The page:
(1) Rushen J., de Passille. A.M.B., and Musksgaard,L. 1997; J. Dairy Sci.80(Suppl.1):202
(2) Pajor, E. A.,Rushen,J.,& de Passille,A.M.B.; 2000; Applied Animal Behavior Sci., 69:89-102
(3) Roenfeldt, S.;2001, Dairy Herd Mang. September, 2001, page 34
(4) Hemsworth, P. H., Price, E.O., & Borgwardt, R.,. 1996 Applied Animal Behavior Sci.,50:43-56
(5) Seabrook, M.F.; 1984, The Veterinary Record, 115:84-87.
REDUCING FEAR IMPROVES MILK PRODUCTION
Colorado State University
People have known for a long time that rough handling and stress is detrimental to dairy
cattle. Over 100 years ago, W. D. Hoard, founder of Hoard's Dairyman, wrote that
people working with dairy cows should have patience and kindness. He knew that rough
treatment lessened the flow of milk. Jack Albright, professor emeritus at Purdue
University, likewise stated that tame dairy cows willing to approach people will give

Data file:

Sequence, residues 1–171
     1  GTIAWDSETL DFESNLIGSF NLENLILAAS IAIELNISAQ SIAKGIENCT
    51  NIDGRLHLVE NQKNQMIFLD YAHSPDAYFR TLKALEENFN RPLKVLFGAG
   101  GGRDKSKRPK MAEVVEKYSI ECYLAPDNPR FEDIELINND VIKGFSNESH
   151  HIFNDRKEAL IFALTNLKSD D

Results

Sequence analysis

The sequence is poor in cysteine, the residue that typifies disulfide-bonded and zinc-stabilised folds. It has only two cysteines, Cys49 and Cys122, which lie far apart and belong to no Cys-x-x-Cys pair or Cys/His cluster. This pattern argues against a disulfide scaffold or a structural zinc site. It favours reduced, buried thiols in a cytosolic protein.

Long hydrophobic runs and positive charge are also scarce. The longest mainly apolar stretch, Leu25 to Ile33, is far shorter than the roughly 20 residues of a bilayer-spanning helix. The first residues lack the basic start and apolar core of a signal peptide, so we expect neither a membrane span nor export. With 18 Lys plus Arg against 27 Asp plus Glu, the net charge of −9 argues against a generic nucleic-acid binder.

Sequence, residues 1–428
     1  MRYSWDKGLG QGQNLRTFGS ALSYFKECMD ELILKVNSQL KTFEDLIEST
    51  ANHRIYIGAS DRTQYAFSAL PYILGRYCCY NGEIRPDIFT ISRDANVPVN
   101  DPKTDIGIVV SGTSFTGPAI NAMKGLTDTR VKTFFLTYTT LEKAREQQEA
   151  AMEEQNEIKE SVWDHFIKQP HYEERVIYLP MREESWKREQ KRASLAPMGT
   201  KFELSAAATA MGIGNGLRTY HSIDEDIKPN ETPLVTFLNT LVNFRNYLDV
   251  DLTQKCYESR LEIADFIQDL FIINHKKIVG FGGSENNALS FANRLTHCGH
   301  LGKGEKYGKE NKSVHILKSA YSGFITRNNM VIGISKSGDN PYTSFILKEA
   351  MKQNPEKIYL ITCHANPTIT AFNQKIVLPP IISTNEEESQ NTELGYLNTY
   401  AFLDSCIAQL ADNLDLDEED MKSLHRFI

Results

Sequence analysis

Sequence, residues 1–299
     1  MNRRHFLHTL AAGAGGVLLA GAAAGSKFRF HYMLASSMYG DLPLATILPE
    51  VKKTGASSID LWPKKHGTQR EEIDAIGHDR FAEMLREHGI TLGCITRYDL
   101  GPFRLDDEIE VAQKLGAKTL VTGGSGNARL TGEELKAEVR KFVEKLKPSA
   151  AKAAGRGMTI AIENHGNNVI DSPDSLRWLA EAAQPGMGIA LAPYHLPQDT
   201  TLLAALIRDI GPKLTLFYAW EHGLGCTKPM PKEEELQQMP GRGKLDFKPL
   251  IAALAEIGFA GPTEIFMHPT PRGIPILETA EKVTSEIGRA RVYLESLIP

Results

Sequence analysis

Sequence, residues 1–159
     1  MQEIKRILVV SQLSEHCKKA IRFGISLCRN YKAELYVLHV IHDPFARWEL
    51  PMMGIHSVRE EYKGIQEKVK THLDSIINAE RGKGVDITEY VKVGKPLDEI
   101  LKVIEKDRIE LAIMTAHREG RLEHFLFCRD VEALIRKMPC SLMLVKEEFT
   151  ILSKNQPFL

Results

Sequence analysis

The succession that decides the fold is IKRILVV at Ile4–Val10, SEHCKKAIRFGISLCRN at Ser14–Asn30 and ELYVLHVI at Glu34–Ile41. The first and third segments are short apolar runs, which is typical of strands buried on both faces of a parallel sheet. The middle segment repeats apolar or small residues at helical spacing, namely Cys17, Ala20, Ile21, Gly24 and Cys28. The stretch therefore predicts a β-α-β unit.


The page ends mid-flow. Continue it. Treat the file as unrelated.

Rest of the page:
more milk. Despite these well-known facts, people have forgotten Hoard's and Albright's
Over time, researchers have used statistical methods to document the damaging effects
rough handling causes. In fact, shocking a cow or hitting her can reduce milk yield by 10
percent. Cows that are fearful of people are less productive, documents Australian Paul
Hemsworth. Fearfulness was determined by the degree of restlessness the cow
displayed when a person was close to her during milking. Cows that avoided people
and became restless when a person was nearby had lower milk production. Still further,
observations at a large dairy indicated that tame cows gave more milk.
Fear memory formation...